Posted in Autism, Down syndrome, Dual Diagnosis Down syndrome and autism

Blog #162~ Horseback Riding Therapy

Blog #162~ Horseback Riding Therapy

nick-horseback-therapy

Horseback riding therapy, also known as Equine Assisted Therapy, involves interactions with horses for individuals with and without special needs, including those with physical, cognitive and emotional issues.  Hippotherapy is another term used by physical, speech, and occupational therapists to reach their patients on a personal level.

horseback-therapy

There are many benefits such as motor, emotional and sensory sensations that come with riding a horse. Horseback riding gently and rhythmically moves the rider’s body in a manner similar to a human gait, to improve  in flexibility, balance and muscle strength.

At age one, my son Nick was unable to sit up by himself due his low muscle tone, which is a trait of having Down syndrome.

Nick at age one…..

nick-low-tone-high-chair

We had to prop him up in the high chair, so he wouldn’t slide down or slump to either side.  Nick was receiving physical, occupational and speech therapy in his early intervention program.  Shortly after his first birthday, we enrolled him in a horseback riding therapy program.

Person’s having Down syndrome please note:

“Prior to considering hippotherapy as a treatment strategy for your child, it is important that they have current cervical x-rays to ensure the atlantoaxial joint (or C1-C2) is not at risk for dislocation.  Some people with Down Syndrome also may have a condition known as Atlantoaxial Instability — a misalignment of the top two vertebrae of the neck. This condition makes these individuals more prone to injury if they participate in activities that overextend or flex the neck. Parents are urged to have their child examined by a physician to determine whether or not their child should be restricted from sports and activities that place stress on the neck injury.”

In less than nine months, of incorporating the horseback riding therapy, we noticed a vast improvement in Nick’s posture both in strength and endurance.  At first he couldn’t tolerate a helmet as it weighed him down, (as you can see in the first picture of this post).  But soon, he not only wore a helmet, but was able to keep his head upright, along with and sitting up better.

Nick with his brother, Hank, taken nine months after starting horseback riding therapy…

nick-sitting-with-hank

We decided on horseback riding therapy, initially to help our son gain trunk strength.  However, we soon realized there were many additional benefits that came along with it.  Not only did Nick ride on top of the horse, he also learned how to care for the horse by feeding, patting and brushing them.  This helped to create an emotional bond and opened up new sensory experiences that he couldn’t get in a clinical setting.  Riding a horse helped to wake up the sensory preceptors, making for a fun and motivating experience for him.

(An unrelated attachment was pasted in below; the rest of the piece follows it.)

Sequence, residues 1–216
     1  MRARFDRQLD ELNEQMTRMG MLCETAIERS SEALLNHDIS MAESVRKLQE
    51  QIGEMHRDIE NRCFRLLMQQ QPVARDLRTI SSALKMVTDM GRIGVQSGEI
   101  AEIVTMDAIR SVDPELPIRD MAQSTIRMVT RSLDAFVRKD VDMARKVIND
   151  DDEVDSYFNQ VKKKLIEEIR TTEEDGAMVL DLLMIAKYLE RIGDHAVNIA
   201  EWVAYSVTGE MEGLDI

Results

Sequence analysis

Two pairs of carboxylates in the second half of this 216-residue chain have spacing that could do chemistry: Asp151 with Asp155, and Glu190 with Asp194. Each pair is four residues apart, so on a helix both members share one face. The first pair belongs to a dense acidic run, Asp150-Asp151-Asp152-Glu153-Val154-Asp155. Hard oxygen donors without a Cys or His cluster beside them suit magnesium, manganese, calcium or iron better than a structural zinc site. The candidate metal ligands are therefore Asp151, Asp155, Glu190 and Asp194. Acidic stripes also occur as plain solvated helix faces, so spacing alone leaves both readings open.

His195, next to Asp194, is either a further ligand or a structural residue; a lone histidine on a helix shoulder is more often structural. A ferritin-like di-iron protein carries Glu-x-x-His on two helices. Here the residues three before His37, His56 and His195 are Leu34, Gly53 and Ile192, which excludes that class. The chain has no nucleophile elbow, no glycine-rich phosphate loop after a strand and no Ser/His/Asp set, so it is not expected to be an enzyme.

Horseback riding therapy was a wonderful experience for our son with special needs. The horses were gentle friends that helped Nick get stronger, build relationships through unspoken communication, and taught him about responsibility.  That’s what is in my noggin this week!

~Teresa

Follow Nick:

Facebook and Pinterest @Down Syndrome With A Slice Of Autism

Instagram #nickdsautism

Twitter @tjunnerstall

 

 

Author:

Teresa is the mother of two boys. Her youngest son, Nick is 23 years old and has special needs including Down syndrome, autism and verbal apraxia. She is a parent advocate, speaker and writer who is currently working on the memoir of raising her son, Nick. You can follow Nick world on our Facebook page and Pinterest @Down Syndrome With A Slice of Autism. Find Nick on Instagram@ #nickdsaustism, Twitter @tjunnerstall.

3 thoughts on “Blog #162~ Horseback Riding Therapy

  1. Really good. Floct and Flid are little turds in those pictures!

    Alan Unnerstall Hormel Foods Sales, LLC (630) 253-4258

    Sent from my iPhone

    >

Leave a Reply

Fill in your details below or click an icon to log in:

WordPress.com Logo

You are commenting using your WordPress.com account. Log Out / Change )

Twitter picture

You are commenting using your Twitter account. Log Out / Change )

Facebook photo

You are commenting using your Facebook account. Log Out / Change )

Google+ photo

You are commenting using your Google+ account. Log Out / Change )

Connecting to %s